Wednesday, April 29, 2009

Getting Politicized

Unless otherwise noted, all materials on this blog are (c) 2009 by Madeleine Vedel

The French love to discuss politics. At the dinner table or a cocktail party, rather than pepper you with personal questions or complaints, they are more apt to try to draw you into a political discussion. Since living here, I too have become an adept at the political discussion. I simply care more and more deeply, and I strive to keep myself informed. Back when I lived in the US, I was not in any way politically savvy, nor particularly concerned. I loved reading the NYTimes, but stuck to the Magazine, Arts and Leisure, and the Book Review sections. When it came time to vote, I would call a friend who had worked in political circles for years and ask her to give me the list of her preferred candidates. I knew we thought and felt alike, so I simply voted her suggestions. As a system, it worked.

But since I began living in France, I've felt the need to be informed, and when possible to act. It could be because people here follow assiduously local and national politics, and also international. They're up on Chavez, on our presidential elections, on the political bents of the Germans and the Italians, what's happening in China. There is just a significant majority which reads about and discusses the issues of the day.

I moved to France during the Clinton years, and lived through the Monica scandal on French soil. At the same time, the French were publicly discovering the presence of Mitterand's illegitimate daughter with his longtime mistress. The comparison of our reactions was interesting at the least, and often amusing. Living amidst the less strict French (at least where mistresses are concerned) I felt that it was a bit much to expect a charismatic man in a position of power not to flaunt it. Attracting women is just one of the benefits for these men. I don't applaud it, but I'm not so innocent as to think that those who resist are in the majority. So, perhaps disrespectfully, I would say, why couldn't he have had better taste? JFK apparently bedded some of the great beauties of his time. Marlene Dietrich at least knew how to be discreet. Am I jaded? or just realistic when considering attractive and powerful men? I've definitely got a more continental view on this aspect of the political world.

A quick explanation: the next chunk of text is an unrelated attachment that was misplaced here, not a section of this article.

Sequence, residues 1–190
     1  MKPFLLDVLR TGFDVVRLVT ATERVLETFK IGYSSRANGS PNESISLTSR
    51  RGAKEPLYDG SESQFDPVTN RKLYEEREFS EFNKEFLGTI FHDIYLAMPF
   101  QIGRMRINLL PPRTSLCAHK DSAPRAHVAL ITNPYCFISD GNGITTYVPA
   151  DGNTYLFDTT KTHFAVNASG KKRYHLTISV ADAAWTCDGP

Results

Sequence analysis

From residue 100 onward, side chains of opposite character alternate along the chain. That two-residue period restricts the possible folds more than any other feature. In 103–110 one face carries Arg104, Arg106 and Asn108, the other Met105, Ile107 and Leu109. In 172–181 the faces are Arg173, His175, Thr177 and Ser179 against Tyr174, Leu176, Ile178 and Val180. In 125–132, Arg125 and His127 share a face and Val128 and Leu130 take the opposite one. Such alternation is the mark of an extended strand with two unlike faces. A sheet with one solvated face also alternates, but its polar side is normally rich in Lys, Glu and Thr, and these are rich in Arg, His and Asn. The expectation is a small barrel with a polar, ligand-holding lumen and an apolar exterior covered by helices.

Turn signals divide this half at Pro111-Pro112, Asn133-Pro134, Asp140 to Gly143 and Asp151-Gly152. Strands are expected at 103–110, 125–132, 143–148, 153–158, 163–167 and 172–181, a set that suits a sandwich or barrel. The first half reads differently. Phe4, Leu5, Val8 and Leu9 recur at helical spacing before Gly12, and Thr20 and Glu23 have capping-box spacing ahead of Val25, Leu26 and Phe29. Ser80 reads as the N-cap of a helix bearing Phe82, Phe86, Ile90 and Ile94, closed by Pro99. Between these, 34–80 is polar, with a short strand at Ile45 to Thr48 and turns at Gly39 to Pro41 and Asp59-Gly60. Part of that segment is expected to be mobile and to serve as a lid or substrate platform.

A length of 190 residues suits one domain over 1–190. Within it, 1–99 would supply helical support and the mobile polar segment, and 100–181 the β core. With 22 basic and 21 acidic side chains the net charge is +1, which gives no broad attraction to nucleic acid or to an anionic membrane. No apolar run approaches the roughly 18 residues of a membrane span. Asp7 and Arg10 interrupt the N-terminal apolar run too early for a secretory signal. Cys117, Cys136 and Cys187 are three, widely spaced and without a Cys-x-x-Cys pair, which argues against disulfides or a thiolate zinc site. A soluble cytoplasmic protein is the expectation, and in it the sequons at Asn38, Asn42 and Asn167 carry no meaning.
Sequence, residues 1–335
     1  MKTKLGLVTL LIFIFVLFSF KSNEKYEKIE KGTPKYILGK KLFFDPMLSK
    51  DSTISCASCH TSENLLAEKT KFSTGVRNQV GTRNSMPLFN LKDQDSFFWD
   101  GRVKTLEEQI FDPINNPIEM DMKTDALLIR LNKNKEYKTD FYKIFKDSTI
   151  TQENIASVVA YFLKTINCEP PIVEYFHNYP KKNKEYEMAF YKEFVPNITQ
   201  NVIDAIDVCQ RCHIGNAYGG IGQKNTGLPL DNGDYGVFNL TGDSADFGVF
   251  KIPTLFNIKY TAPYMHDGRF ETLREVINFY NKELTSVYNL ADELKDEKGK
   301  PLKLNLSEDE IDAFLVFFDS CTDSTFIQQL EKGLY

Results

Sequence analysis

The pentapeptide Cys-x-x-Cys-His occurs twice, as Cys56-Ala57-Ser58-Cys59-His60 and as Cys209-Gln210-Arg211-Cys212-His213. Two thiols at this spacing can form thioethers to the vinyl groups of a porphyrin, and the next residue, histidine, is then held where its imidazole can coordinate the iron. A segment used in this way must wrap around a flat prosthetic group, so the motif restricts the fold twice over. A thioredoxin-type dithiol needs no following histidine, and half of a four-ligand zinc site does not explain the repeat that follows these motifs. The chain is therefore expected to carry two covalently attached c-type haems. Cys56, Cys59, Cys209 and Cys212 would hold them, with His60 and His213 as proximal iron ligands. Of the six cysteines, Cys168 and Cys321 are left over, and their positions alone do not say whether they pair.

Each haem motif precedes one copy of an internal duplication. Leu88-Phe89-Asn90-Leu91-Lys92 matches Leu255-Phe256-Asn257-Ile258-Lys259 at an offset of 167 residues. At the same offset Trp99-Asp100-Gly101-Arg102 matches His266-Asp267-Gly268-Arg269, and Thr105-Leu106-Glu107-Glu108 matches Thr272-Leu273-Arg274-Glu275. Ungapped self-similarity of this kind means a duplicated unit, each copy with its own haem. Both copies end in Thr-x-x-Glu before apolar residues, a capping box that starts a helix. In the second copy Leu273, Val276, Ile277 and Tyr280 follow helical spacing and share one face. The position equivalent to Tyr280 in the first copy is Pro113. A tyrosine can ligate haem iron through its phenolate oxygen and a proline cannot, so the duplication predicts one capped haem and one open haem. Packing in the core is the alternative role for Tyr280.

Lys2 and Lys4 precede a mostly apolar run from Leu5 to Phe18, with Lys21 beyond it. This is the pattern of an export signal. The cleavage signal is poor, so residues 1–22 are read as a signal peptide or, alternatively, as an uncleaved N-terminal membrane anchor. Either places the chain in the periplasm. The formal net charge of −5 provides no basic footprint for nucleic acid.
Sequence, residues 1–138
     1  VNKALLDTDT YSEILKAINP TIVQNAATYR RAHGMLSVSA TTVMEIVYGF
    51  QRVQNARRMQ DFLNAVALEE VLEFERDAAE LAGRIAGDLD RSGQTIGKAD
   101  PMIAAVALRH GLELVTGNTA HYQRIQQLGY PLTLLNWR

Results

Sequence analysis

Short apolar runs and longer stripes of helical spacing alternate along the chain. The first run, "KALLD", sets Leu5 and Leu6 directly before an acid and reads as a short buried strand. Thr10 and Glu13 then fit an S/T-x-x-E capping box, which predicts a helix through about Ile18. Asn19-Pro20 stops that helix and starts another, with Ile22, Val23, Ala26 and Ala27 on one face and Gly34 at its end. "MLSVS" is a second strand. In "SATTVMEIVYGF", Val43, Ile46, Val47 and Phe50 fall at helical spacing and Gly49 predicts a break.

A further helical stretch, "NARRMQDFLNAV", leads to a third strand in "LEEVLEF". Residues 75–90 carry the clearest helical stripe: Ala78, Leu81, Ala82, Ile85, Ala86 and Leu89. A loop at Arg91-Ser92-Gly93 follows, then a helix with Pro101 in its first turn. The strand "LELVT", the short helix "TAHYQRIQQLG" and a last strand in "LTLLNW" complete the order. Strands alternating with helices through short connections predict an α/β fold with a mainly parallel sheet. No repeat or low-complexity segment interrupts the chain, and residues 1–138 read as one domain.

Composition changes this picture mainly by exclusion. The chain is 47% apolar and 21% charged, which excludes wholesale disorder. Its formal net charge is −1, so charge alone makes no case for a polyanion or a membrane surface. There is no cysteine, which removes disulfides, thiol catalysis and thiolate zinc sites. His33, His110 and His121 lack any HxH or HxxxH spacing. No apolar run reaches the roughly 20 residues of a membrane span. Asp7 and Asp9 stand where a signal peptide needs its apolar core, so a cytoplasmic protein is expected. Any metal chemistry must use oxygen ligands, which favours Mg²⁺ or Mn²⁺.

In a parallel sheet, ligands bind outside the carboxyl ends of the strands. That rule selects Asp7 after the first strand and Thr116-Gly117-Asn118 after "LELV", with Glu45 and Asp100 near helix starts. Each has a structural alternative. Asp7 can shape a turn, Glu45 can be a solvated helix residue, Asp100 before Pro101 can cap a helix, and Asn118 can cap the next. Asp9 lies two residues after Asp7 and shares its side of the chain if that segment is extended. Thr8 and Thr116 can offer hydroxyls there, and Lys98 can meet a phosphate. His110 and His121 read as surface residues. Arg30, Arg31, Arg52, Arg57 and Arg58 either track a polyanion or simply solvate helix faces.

Living in France means living amongst people who believe their individual actions, when collected into the organized actions of their unions, can change government. The people who stormed the Bastille and overthrew a king are still here. They shall not be dictated to. And yet, they do very much respect authority and the patriarchal structures that surround them. It's an interesting blend. As many visitors have discovered, much to their frustration, the French engage in and support organized strikes, those that can that is. So those who have guaranteed jobs for life with the civil service -- postal workers, the police, teachers, transit workers--or those who are well organized in unions such as the truck drivers strike with amazing ease and frequency.

This means that your average French citizen has to cope yearly with a week or more of no school for his/her child. One year, they missed so much school in the public system that the baccalauriat exam was in jeopardy. Parents were pulling their hair out seeking options for keeping their kids safe and occupied while they went to work (or missed work coping as they could).

He also becomes adept at juggling shifting train schedules (and the lack thereof), potential gas shortages due to truckers blocking all the highway exits, air flights being cancelled, mail not delivered, and so on and so on.